As part of the induction process, children are also given intrathecal chemotherapy, which means administering chemotherapy straight in the cerebrospinal fluid of patients through a small procedure called the spinal tap. This is conducted to kill any circulating leukemia cells that are present in the brain and the spinal cord. It is conducted two times in the first month and between four to six times in the next 1 or 2 months.

The drug that is usually given is called methotrexate but other drugs may be added for children at a higher risk of disease [6].

Phase 2 in treatment of Acute Lymphocytic Leukemia in Children: Consolidation

The next phase after induction is about one to two months and is called the consolidation phase. The goal of consolidation is to, once again, reduce the number of leukemia cells in the body. There are many chemotherapeutic drugs that are used to undergo this phase of treatment and the therapy itself uses a combination of these drugs as otherwise the leukemia cells tend to develop a resistance to therapies. During this time, intrathecal therapy continues.

For standard-risk leukemia, children are treated with the drugs methotrexate and 6-mercaptopurine. However, the combination of drugs differs based on the cancer center and the doctor. Other drugs such as vincristine, L-asparginase and prednisone may also be used.

Finally, for high-risk patients, even more drugs are added and used. For these patients, there may also be a second round of chemotherapy with the same drugs that work to completely eliminate all cancer cells [7]. In some cases, there are patients with a type of ALL called Philadelphia chromosome-positive ALL, which refers to a chromosome defect. These patients have a very good targeted treatment called imatinib [8].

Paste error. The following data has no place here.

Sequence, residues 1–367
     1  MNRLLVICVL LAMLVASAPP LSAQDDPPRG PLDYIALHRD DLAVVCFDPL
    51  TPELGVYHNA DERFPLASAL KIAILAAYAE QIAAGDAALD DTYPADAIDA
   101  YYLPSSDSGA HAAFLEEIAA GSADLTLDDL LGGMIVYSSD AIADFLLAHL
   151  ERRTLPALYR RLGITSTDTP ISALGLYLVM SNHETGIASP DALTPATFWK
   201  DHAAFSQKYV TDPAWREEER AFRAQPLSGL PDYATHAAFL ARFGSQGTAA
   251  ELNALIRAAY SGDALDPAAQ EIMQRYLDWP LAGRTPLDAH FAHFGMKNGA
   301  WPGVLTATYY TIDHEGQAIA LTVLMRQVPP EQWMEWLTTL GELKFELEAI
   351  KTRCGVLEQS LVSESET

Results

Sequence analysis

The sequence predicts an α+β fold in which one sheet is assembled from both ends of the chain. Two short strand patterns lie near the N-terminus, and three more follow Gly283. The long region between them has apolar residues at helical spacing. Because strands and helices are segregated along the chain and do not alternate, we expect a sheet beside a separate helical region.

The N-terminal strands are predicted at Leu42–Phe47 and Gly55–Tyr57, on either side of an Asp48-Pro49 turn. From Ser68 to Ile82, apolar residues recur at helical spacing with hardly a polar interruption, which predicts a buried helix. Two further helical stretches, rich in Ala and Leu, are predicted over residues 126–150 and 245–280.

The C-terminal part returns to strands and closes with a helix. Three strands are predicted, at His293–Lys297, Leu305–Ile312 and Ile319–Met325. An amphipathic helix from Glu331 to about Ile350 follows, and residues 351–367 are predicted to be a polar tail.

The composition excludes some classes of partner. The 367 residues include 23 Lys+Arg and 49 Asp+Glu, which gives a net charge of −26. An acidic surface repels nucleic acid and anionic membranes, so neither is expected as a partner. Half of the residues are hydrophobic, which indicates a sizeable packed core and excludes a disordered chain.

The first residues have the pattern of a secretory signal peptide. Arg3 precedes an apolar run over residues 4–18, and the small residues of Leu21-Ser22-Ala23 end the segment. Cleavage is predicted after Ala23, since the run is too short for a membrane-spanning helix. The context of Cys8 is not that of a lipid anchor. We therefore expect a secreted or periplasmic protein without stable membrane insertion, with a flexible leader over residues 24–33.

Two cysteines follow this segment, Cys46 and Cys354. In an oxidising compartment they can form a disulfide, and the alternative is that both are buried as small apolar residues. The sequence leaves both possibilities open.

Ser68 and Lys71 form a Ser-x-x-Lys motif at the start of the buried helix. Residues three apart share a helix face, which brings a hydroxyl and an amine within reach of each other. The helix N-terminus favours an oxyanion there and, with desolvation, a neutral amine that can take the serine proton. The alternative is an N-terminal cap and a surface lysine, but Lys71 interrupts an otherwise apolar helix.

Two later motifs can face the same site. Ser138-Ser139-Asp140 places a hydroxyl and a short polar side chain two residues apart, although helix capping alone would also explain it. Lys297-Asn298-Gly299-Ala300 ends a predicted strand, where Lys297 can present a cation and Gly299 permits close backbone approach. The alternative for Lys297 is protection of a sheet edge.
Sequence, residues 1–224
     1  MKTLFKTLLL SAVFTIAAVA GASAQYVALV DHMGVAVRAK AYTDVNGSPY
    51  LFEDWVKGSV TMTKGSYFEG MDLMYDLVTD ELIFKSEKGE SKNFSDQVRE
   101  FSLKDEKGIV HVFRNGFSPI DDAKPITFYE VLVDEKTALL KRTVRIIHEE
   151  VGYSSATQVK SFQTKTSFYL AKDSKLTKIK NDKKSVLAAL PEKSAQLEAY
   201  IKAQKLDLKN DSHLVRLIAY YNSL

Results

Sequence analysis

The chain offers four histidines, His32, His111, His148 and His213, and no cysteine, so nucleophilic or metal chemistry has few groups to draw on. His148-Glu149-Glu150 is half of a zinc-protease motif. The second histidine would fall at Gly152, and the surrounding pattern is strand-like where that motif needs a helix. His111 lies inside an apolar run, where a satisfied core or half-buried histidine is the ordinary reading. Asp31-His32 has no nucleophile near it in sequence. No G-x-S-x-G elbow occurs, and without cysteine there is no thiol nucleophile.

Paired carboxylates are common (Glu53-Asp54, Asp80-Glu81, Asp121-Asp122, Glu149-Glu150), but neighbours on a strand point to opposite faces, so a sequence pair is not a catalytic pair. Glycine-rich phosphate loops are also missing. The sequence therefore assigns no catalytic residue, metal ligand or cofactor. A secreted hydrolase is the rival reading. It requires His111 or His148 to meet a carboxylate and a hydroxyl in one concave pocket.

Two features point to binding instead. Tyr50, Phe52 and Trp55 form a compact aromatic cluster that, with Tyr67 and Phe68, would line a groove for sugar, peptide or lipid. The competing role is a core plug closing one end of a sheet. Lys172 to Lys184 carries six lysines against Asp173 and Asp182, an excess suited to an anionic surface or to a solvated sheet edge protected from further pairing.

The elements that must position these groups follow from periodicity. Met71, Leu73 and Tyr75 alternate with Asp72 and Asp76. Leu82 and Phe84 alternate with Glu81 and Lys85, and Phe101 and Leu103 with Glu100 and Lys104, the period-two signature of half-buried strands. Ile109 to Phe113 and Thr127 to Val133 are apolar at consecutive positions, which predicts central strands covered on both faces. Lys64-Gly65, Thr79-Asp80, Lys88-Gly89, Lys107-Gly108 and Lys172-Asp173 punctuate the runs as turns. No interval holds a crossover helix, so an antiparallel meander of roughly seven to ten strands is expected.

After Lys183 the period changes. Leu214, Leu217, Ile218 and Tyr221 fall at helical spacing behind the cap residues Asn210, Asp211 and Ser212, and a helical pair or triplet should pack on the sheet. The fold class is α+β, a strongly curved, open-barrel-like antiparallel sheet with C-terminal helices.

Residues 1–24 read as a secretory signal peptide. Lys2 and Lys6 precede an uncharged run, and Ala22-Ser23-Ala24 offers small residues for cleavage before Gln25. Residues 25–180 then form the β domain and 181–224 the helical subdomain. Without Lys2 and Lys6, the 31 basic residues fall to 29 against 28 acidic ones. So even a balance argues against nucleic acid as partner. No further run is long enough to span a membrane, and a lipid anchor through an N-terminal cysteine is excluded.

Phase 3 in treatment of Acute Lymphocytic Leukemia in Children: Maintenance

Once remission has been achieved in the induction and it remains throughout consolidation, a therapy known as the maintenance therapy can start.

Treatment includes administering 6-mercaptopurine daily and methotrexate weekly. Vincristine and a steroid drug are also administered, however, these are only given for a small period of time every one to two months. Other drugs can also be added to the regimen depending on the risk level of the patient. 

Generally, for the first one to two months, most maintenance therapy plans are very intense, somewhat similar to induction, which is why they are often called re-induction. Children that are in the higher-risk category can have this period be even longer as doctors try to personalize treatment plans.

The total amount of therapy is generally between two to three years. Unfortunately, there is a high risk of recurrence, particularly in boys, which is why doctors often administer chemotherapy for longer in boys [9].


As the survival rate for ALL is almost 85%, this treatment regimen, which includes induction, consolidation and maintenance, works very well for children with Acute Lymphocytic Leukemia. This treatment works ideally if the leukemia is caught at a lower stage and therefore, it is important to stay diligent and monitor for signs of leukemia in children [10].